View Brigitte Sansoucy Profile
NDP (QC)
Thank you, Mr. Chair.
I thank the witnesses for their statements.
Madam Minister, you spoke about improvements to the Registered Disability Savings Plan. That is not clear to me yet. The main estimates show an increase of 44% over the previous fiscal year. The program has existed for ten years, and the participation rate is not very high.
Men are overrepresented at present. How do you think you could increase the participation rate for women? Are you considering reviewing the eligibility criteria? Currently this is based on the disability tax credit, which is not refundable. There are people who do not ask for it, or don't know about it.
I'd like to know how you are going to bring about this increase, please.
View Brigitte Sansoucy Profile
NDP (QC)
Thank you.
Minister, regarding the Canada Learning Bonds, for those who have a registered education savings plan, there is a 16% increase in the main estimates. This is a complex program that requires a long-term relationship with a financial institution.
I'd like to know how you intend to increase the popularity of the plan, to encourage low-income families that are difficult to convince to open an RESP. Are you planning something to simplify registration? How can we see to it that every child will have access to an education savings plan?
View Brigitte Sansoucy Profile
NDP (QC)
Thank you Mr. Chair.
Thank you to the witnesses for being here.
In the departmental plan on page 50, we see that the rate of health and safety violations in federally regulated workplaces has increased by 50% over two years.
I would like someone to explain that trend to me.
Will the amounts requested in the supplementary estimates allow you to deal with this issue?
View Brigitte Sansoucy Profile
NDP (QC)
It's on page 50 of the 2019-2020 ESDC departmental plan.
View Brigitte Sansoucy Profile
NDP (QC)
I thank you in advance for sending the clerk of the committee the answer to that question.
One of the themes that recur in the departmental plan is the inclusive character of the labour market. When we talk about inclusion, we are talking about the participation of many groups, such as women, indigenous persons, young people, seniors.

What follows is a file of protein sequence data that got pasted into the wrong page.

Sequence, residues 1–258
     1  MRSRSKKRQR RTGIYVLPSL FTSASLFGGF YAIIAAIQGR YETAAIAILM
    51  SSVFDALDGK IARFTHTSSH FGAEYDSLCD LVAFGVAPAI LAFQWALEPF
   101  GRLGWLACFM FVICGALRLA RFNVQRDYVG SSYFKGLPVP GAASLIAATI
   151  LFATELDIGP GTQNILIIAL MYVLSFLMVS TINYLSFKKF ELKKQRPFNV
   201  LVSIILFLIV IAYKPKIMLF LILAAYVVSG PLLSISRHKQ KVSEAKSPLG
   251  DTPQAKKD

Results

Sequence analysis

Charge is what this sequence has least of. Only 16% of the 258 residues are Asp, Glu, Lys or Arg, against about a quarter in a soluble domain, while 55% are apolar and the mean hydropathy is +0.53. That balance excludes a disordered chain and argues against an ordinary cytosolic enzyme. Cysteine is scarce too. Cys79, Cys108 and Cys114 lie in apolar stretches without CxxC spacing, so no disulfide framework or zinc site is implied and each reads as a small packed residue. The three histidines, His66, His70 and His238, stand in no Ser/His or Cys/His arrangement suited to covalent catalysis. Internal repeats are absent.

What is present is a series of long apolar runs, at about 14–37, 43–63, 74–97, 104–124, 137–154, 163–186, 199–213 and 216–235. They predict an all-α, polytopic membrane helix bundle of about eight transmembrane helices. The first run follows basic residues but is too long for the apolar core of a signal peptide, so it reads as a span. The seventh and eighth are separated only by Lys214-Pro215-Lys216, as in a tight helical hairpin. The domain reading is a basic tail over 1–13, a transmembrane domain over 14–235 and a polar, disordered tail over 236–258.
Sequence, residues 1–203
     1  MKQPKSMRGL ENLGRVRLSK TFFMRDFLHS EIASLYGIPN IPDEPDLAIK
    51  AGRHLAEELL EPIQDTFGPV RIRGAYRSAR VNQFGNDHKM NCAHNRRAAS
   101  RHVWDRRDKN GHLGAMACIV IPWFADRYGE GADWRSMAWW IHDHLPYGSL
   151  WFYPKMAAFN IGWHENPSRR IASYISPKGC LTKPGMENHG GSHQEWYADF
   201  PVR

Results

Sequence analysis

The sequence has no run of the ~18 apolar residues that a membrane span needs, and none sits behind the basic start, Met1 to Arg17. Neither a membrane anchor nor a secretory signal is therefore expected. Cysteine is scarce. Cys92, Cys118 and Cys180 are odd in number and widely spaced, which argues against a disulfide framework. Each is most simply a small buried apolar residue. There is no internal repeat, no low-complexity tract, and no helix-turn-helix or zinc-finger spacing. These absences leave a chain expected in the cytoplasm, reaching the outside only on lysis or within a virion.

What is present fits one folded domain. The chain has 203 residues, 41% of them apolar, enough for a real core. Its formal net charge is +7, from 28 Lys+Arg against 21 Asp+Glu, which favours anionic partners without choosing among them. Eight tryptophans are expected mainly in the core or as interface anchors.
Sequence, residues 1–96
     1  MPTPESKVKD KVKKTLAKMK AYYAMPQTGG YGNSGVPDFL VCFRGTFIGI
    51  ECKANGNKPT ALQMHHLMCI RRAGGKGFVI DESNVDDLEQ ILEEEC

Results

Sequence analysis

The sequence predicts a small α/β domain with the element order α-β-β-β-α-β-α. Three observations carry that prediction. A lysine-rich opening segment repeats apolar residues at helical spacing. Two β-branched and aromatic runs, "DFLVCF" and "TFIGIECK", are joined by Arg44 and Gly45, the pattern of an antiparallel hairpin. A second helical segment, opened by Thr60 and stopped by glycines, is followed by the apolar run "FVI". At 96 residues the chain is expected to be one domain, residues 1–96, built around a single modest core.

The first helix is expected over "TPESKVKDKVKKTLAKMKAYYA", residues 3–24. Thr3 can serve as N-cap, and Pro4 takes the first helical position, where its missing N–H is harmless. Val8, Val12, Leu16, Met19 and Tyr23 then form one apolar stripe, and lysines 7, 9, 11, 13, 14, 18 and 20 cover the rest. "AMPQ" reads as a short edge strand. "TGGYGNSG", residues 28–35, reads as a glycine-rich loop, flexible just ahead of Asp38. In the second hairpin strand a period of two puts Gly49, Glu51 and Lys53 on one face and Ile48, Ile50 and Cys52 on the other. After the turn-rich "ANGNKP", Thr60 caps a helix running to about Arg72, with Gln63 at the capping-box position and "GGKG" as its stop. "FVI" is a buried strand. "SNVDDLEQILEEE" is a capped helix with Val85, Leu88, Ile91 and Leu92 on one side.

In 2018, the Office of the Auditor General noticed that the department had compiled no information on the Aboriginal Skills and Employment Training Strategy or other funds. There were no indicators allowing you to verify whether programs were providing the expected outcomes. The Auditor General also pointed out that the department had not allocated funds to the organizations according to current regional needs or prior successes.
This leads me to the following question. In the departmental plan, you mention labour market participation rates for a certain number of groups. If you have no targets or indicators, how will you determine if you have attained the objective of making the labour market inclusive?
View Brigitte Sansoucy Profile
NDP (QC)
Thank you.
The minister spoke to us about placements.
The main estimates refer to expanding the Student Work Placement Program. We know there is an issue with the lack of alignment between the skills students possess and the jobs that are offered. How can the department ensure that the jobs become a springboard toward real jobs on the labour market subsequently?
View Brigitte Sansoucy Profile
NDP (QC)
Thank you very much, Mr. Chair.
Like many of my colleagues, I can state that the Canada Summer Jobs initiative brings significant benefits. That is the case for organizations and the municipalities of the Saint-Hyacinthe—Bagot riding, whether we are talking about leisure activities for young people or the environment, an area in which there are many projects. However, once again this year, demand was twice as high as the available funding. Dividing up the funds equitably among the various organizations and municipalities while meeting their needs required a lot of mental gymnastics.
Are you considering another increase to the funding for Canada Summer Jobs? There is a major need. There are a lot of students. Demographically speaking, there will be a whole cohort of young people. How can we help a maximum number of students and organizations at the same time?